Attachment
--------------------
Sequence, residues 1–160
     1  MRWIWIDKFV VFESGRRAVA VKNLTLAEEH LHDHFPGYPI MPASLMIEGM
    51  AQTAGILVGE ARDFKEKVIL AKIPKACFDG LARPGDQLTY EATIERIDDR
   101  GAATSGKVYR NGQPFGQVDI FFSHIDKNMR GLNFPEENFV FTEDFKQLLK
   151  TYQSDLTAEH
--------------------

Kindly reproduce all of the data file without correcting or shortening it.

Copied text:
Sequence, residues 1–160
     1  MRWIWIDKFV VFESGRRAVA VKNLTLAEEH LHDHFPGYPI MPASLMIEGM
    51  AQTAGILVGE ARDFKEKVIL AKIPKACFDG LARPGDQLTY EATIERIDDR
   101  GAATSGKVYR NGQPFGQVDI FFSHIDKNMR GLNFPEENFV FTEDFKQLLK
   151  TYQSDLTAEH